Please keep posting! I am also a new RSP! I will be split between two sites. I stopped by both sites today, and was told by one principal that they were not going to have a new RSP and he wasn't sure what I was talking about. Lovely! I got into my files at the other site and saw what IEPs weren't finished last year (psych reports not complete, also lovely!) and when the IEPs were due, as well as how many triennials (not too bad). Clearly I need to make a schedule for those. I have three IEPs this month. My plan is to put together mini packets for the gen ed teachers- a page each about the student's disabilities and some helpful classroom strategies, and a page each about the goals and accommodations. I will start services when the principal says I suppose. I plan to do some ice breaker, team building, and All About Me activities, as well as discussing our behavior agreements for the first two weeks. Then some assessments on goals, then into it. Meanwhile, I hope to have time to make a schedule, get into their files, and plan some language arts and math for each group, just one skill to start, while I get my feet under me. This time in the beginning is to get acquainted and set expectations. As far as impressing the principal, I guess we just need to demonstrate that we are flexible and open to collaboration.
     
  8. Bored of Ed

    Bored of Ed Enthusiast

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    Aug 12, 2013

    Hey there! it's nice to see another NY SETSS teacher here. Would love to hear how your program works. I've been doing this for about 4 years now and still keep tweaking... My kids are mandated to have pull-out services (the IEP says "separate location") so as much as I'd like to push in that's not even an option. Sigh.
     
  9. waterfall

    waterfall Maven

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    Aug 13, 2013

    I did push-in services only in all of my student teaching experiences. I am NOT a fan, but it probably is the most favored service delivery model now. I always felt that I was basically treated as an aide- I would just kind of help kids that raised their hands and make sure they were on task. If the class was independently working I occasionally was allowed to pull a couple of my students to the back/side of the room to help them with the assignment, but even that was frowned upon because they didn't want to "single out" the students in sped. I feel very strongly that I didn't get a four year degree to stand around in someone else's classroom. Fortunately in my new state (moved for my first real job) pull-out is still very common. I do all pull-out.

    If you must do push-in, one of your main priorities needs to be establishing the fact that you are a teacher and not an assistant. I'm a little concerned that this will be hard for you if you are observing for 2-3 weeks...it kind of sets you up to be a bystander. Are you sure you need all of that time? Some observation is helpful to see how the regular ed classroom works, but a couple of days should be sufficient. Be proactive about suggesting co-teaching models to the regular ed teachers that you work with. One model that I think is a little easier for regular ed teachers to adjust to is the small group/center model. During independent work time, the teacher can pull a guided group and you can also pull another group rather than just assisting the kids working or keeping them on task. If the class has centers that they rotate to, you can be another teacher center where the kids come to you for specific instruction. If you're doing "one teach, one drift" (which is the least effective model in my opinion, but unfortunately probably the most used), you should be doing the teaching sometimes and the regular ed teacher should be drifting. You'll also need to figure out who your neediest students are and schedule at least a little bit of pull-out time for them. Full inclusion doesn't work for all students- they'll need more direct instruction from you.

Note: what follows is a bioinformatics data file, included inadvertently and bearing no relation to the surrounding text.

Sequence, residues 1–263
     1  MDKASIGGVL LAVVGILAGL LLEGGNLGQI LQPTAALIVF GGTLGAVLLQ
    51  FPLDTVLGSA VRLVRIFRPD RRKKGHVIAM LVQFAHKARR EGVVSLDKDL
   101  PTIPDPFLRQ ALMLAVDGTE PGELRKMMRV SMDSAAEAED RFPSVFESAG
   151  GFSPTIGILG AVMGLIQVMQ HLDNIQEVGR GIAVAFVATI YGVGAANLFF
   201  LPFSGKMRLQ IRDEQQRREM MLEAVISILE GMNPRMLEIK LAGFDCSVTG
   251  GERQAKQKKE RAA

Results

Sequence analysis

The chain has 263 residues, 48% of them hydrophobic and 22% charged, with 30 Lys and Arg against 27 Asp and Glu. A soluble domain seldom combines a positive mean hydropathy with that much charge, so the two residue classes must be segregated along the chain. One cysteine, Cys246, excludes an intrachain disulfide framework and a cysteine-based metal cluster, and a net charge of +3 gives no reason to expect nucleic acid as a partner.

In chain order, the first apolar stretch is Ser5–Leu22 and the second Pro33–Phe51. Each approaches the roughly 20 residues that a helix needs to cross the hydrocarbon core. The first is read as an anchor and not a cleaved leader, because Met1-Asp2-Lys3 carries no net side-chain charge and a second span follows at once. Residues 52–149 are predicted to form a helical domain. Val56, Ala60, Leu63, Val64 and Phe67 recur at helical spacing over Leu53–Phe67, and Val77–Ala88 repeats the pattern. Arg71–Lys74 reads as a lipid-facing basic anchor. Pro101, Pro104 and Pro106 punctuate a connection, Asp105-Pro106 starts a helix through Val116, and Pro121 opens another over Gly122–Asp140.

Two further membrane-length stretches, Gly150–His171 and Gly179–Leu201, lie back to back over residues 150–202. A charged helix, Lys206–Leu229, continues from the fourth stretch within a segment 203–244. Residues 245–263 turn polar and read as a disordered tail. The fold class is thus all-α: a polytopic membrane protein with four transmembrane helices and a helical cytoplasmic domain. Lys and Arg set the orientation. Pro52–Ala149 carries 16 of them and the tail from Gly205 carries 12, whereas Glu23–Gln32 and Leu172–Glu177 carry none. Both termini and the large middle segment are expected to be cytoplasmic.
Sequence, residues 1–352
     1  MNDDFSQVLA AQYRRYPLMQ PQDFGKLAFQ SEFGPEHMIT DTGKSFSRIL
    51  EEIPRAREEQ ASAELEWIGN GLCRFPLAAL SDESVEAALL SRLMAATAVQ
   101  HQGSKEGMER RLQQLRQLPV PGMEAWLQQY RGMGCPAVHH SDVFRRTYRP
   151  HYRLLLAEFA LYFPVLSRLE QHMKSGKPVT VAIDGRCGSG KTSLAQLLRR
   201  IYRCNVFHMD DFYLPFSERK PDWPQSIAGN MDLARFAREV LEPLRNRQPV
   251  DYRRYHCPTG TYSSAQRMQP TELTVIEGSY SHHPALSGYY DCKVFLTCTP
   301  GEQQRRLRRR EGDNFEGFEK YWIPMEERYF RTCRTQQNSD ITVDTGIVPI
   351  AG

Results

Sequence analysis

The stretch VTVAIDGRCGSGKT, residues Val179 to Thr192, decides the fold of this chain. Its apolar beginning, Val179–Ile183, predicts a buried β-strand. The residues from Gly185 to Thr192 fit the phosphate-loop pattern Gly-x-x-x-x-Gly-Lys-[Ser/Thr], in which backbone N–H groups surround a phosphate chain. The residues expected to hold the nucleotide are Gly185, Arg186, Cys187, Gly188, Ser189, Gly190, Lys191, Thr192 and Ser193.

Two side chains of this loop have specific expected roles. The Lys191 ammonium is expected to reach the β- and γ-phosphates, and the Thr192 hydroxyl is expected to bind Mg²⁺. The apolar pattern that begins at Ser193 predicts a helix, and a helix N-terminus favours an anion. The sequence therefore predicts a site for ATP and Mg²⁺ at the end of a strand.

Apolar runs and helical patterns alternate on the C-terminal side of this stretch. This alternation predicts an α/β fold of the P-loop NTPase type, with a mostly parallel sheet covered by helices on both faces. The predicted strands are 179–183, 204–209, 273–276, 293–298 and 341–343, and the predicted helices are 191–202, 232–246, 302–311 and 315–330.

As far as scheduling push-in services, assuming you have multiple classrooms to go to, I would try to push-in during independent or guided practice. Ask the teachers to give you times for when this is. Unless you're doing some more advanced co-teaching, there isn't really a need for you to be in there just watching while the regular ed teacher delivers the regular lesson. During guided or independent practice you can be meeting with small groups of students or running a center area like I suggested above.
     
  10. Art/Special Ed

    Art/Special Ed Rookie

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    Sep 16, 2013



    Thank you for posting this. Sounds like a great plan for the first few weeks. I'm sorry you're in such a bad spot with all of the unfinished paperwork. The enormous amount of paperwork and the schedule of pull out/pull in minutes is by far the least fun part of my job.
     
  11. Art/Special Ed

    Art/Special Ed Rookie

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    Sep 16, 2013

    I am starting tomorrow with pushing-in to classrooms (almost every single one of my kids on my caseload are push-in). I don't have a confident understanding of what it means/looks like but I have a better idea after reading this post. Thank you for sharing this with me. It is appreciated. I absolutely don't want to be treated as an aide (not that they aren't completely valuable wonderful members of the education team) but I also feel like I have gone through too much to just be asked to help the teacher out. I am there for the kiddos and I want to deliver targeted instruction. I'm going to try my best to speak to my teachers as you suggested to communicate my role and expectations for us both. I am thinking of bringing in supplemental activities and assignments and modifying or adding to the teacher's lessons (adding graphic organizers, vocabulary building, preparing students for upcoming lessons in the classroom). I am definitely thinking about going in the direction of running centers/small groups.